Dictionary of National Biography, 1885-1900/Whitaker, Edward (1660-1735)
WHITAKER, Sir EDWARD (1660–1735), born in 1660, admiral, was on 16 Oct. 1688 appointed lieutenant of the Swallow, then commanded by Matthew (afterwards Lord) Aylmer [q. v.] In 1689 he was in the Mary, in 1690 again with Aylmer, in the Royal Katherine, and on 15 May 1690 he was promoted to be captain of the Dover of 44 guns, in which, during the following three years, he made several rich prizes and captured many of the French privateers. In 1693–4 he was flag-captain to Aylmer in the Royal Sovereign. In 1695–6 he successively commanded the Elizabeth, Monck, and St. Andrew, and was flag-captain to Sir Clowdisley Shovell [q. v.] in the Victory. In 1698 he was living at Leigh in Essex. In May 1699 he was appointed to the Portland, and on 13 Jan. 1701–2 to the Ranelagh, one of the fifty ships commissioned on the same day. A month later, 16 Feb., he was appointed master-attendant at Woolwich, and seems to have held the office through the year. On 4 Jan. 1702–3 he was appointed to the Restoration, and, a few days later, from her to the Dorsetshire, one of the fleet with Rooke in the Mediterranean in 1704. In the capture of Gibraltar Whitaker acted as aide-de-camp to Sir George Byng [q. v.], ‘his ship not being upon service,’ commanded the boats in the attack, rallied the men when panic-struck by the explosion of a magazine, and hoisted the English colours on the bastion. In the battle of Malaga the Dorsetshire was one of the red squadron, and was closely engaged throughout. In 1705 Whitaker commanded the Barfleur; early in 1706 he was promoted to be rear-admiral of the blue, was knighted, and appointed to command a squadron off Dunkirk. In April he convoyed the Duke of Marlborough to Holland.
In 1708, with his flag in the Northumberland, he went out to the Mediterranean with Sir John Leake [q. v.], and in August commanded the detachment which co-operated in the reduction of Minorca. When Leake returned to England, Whitaker remained in command, and on 21 Dec. was promoted to be vice-admiral of the blue. A commission of 20 Dec. to be admiral of the blue seems to have afterwards been cancelled, and on 14 Nov. 1709 he was made vice-admiral of the white. In January 1708–9 he was relieved from the command in chief in the Mediterranean by Sir George Byng, with whom he remained as second, till he again became chief by Byng's return to England in July 1709. In the summer of 1710 he also returned to England, and had no further sea service. He lived afterwards in retirement, and died on 20 Nov. 1735 at Carshalton in Surrey, where he was buried. His will (in Somerset House: Ducie, 260) was proved on 3 Dec. by his niece, Mary Whitaker, spinster, sole executrix. His wife Elizabeth (Charnock, ii. 370) died on 1 Sept. 1727. The will mentions his nephew, Captain Samuel Whitaker (ib. iii. 118), who, as commanding a ship at Gibraltar and Malaga, has been often confused with his uncle; and his granddaughter Ann, daughter of his son, Captain Edward Whitaker, deceased, who is ordered to be brought up by Mary Whitaker, 'separate from and without the advice, direction, or control of her mother.' Mary afterwards married Peter St. Eloy, who administered her will on 26 July 1738.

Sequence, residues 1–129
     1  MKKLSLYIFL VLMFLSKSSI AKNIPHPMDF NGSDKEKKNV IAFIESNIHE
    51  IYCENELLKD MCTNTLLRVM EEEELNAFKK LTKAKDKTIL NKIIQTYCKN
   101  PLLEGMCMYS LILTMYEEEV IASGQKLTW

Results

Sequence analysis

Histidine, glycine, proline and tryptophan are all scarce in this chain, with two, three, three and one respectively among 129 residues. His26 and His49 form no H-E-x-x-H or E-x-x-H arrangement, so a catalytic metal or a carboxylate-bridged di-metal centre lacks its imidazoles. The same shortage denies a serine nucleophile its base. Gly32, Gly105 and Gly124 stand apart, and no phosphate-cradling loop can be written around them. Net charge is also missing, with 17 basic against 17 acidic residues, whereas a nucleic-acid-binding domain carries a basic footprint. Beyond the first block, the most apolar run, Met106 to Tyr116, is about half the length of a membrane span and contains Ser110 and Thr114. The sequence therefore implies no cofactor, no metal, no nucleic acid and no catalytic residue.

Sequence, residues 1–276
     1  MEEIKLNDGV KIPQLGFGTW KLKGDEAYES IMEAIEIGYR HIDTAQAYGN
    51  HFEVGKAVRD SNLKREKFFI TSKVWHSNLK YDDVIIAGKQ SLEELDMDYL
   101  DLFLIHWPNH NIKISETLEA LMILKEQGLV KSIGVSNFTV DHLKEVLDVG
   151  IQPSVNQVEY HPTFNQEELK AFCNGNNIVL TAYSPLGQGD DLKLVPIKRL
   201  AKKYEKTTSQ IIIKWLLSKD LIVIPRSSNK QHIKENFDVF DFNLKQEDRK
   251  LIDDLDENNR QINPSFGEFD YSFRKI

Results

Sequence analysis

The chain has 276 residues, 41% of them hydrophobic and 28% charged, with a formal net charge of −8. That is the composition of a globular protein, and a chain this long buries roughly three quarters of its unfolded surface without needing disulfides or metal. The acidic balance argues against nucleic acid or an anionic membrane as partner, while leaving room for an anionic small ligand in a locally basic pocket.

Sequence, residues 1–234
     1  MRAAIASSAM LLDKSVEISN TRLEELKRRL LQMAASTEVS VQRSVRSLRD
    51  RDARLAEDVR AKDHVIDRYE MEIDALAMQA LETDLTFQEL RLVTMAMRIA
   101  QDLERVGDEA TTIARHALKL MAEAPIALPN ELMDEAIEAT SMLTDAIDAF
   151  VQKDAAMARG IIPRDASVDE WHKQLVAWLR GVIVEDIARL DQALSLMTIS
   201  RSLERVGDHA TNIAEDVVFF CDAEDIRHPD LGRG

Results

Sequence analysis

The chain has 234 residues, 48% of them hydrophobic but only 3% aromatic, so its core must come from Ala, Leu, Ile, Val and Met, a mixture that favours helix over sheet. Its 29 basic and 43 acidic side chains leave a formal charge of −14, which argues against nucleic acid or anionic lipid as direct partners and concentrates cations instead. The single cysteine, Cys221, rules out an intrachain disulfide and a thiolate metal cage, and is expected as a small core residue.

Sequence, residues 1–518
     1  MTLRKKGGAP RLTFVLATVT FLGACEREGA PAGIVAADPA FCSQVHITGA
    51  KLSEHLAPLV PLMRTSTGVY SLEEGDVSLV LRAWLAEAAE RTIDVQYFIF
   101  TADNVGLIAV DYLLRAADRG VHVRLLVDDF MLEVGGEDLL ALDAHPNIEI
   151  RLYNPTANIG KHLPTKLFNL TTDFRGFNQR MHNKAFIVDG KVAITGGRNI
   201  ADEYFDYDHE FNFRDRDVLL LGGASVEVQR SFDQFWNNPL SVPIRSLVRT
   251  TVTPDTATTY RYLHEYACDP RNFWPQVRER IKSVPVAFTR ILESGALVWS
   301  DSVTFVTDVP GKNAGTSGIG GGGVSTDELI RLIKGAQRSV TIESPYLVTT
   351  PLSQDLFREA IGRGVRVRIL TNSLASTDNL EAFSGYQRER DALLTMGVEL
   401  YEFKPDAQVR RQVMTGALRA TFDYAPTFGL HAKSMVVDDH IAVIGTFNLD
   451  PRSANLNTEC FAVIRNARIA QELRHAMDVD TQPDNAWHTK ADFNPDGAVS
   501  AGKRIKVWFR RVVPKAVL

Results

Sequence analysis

[Charnock's Biogr. Nav. ii. 366; Memoirs relating to the Lord Torrington (Camden Soc.), pp. 140-3, 192-3, 195; Lediard's Naval History; Manning and Bray's Surrey, ii. 517, 548; Gent. Mag. 1735, p. 682; Official letters, and commission and warrant books in the Public Record Office.]